Homer Simpson climbed out of a television set on the second floor of Lewis Hall, walked down the stairs, strolled onto Flagler College campus and asked the first person he saw, “Hey, where can I get a beer?”
A Million Penguins, launched Feb. 1, 2007
Goal: A Single Narrative. The question: Can a community write a novel?
Reaction: “The man was clearly mad! No rules? It would never work! You may as well get penguins to write a novel!”
- 10 hits a second for the first few days
- Nearly 1,500 people contributed to the writing and editing
- 75,000 people visited the site; more than 280,000 page views
- Rewrote sections of the wiki-novel along a banana-based theme.
- Example: In one scene, describing someone getting stabbed with a “stiletto knife,” Bananaman changed it to “a sharpened sliver of banana.”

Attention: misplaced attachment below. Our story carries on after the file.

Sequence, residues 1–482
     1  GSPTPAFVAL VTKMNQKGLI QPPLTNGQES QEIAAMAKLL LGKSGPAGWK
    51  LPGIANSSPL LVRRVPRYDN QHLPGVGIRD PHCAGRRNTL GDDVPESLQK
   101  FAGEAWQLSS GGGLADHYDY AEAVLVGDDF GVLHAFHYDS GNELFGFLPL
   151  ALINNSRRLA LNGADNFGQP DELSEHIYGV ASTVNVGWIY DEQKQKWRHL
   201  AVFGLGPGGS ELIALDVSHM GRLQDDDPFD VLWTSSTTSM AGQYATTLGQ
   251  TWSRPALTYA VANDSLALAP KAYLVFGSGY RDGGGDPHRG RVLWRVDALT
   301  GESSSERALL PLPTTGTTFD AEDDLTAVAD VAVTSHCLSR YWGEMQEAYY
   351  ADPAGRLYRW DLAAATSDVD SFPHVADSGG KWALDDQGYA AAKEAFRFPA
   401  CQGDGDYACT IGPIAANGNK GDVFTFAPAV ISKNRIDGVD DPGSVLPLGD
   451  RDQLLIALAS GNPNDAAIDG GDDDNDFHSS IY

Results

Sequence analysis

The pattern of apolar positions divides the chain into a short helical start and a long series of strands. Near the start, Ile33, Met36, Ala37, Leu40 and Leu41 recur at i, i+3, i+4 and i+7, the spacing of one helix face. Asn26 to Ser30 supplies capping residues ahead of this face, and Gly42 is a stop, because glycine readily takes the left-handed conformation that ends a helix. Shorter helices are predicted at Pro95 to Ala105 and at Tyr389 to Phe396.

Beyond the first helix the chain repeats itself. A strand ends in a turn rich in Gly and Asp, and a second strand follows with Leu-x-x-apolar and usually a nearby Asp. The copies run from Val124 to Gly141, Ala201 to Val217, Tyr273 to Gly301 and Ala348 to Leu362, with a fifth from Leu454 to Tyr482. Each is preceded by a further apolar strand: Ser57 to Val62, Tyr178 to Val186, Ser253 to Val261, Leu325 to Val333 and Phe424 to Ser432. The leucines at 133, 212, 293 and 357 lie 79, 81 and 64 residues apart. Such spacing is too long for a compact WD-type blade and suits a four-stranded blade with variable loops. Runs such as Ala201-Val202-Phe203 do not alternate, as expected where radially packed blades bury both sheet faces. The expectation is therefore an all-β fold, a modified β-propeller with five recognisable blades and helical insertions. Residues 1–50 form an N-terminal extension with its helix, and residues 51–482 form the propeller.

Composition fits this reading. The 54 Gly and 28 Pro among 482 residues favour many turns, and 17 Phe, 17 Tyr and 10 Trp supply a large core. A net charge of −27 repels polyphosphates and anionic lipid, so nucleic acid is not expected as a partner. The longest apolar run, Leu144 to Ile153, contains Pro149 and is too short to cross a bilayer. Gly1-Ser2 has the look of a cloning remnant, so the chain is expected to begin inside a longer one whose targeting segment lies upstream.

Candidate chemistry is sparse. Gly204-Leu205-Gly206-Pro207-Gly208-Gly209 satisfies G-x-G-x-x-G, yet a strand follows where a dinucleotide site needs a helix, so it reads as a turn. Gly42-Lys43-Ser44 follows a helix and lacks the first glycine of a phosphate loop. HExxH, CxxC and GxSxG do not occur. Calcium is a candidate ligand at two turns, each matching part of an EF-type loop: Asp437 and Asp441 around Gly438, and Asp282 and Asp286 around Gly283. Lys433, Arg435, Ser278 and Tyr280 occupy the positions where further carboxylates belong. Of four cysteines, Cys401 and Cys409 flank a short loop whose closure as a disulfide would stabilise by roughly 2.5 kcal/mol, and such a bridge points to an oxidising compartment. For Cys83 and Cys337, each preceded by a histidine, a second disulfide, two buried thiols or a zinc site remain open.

- The completed novel features a banana version.
What organizers learned
- There never was a single narrative thread
- The output was massive: 1,031 pages
- Dominant themes: Freedom, opportunity, challenge, generosity and fun
- “Not the most read, but possibly the most written novel in history.”
Other examples of crowdsourcing
- Beastie Boys. Concert movie, “Awesome, I Fu*kin’ Shot That!” Fifty fans with Hi8 cameras shot it.
- SportingNews.com. Blogs and social networking are the foundation of the site.
- Threadless.com. Prints T-shirts with designs submitted to its Web site. It expected to earn $20 million in earnings in 2007.
- Second Life. Residents of this online world spend more than 22,500 hours on the site every day, stocking the virtual world with everything from giant tree houses to ninja armor.
- Zazzle. Users submit designs and the company puts them on mugs, posters and shirts. If other people like your design and order your product, you get a cut.
- Lego. Customers design robot operating systems and more.
- John Fluevog Shoes. Fans of the shoes submit their own designs. So far, 10 customer-created designs are in production.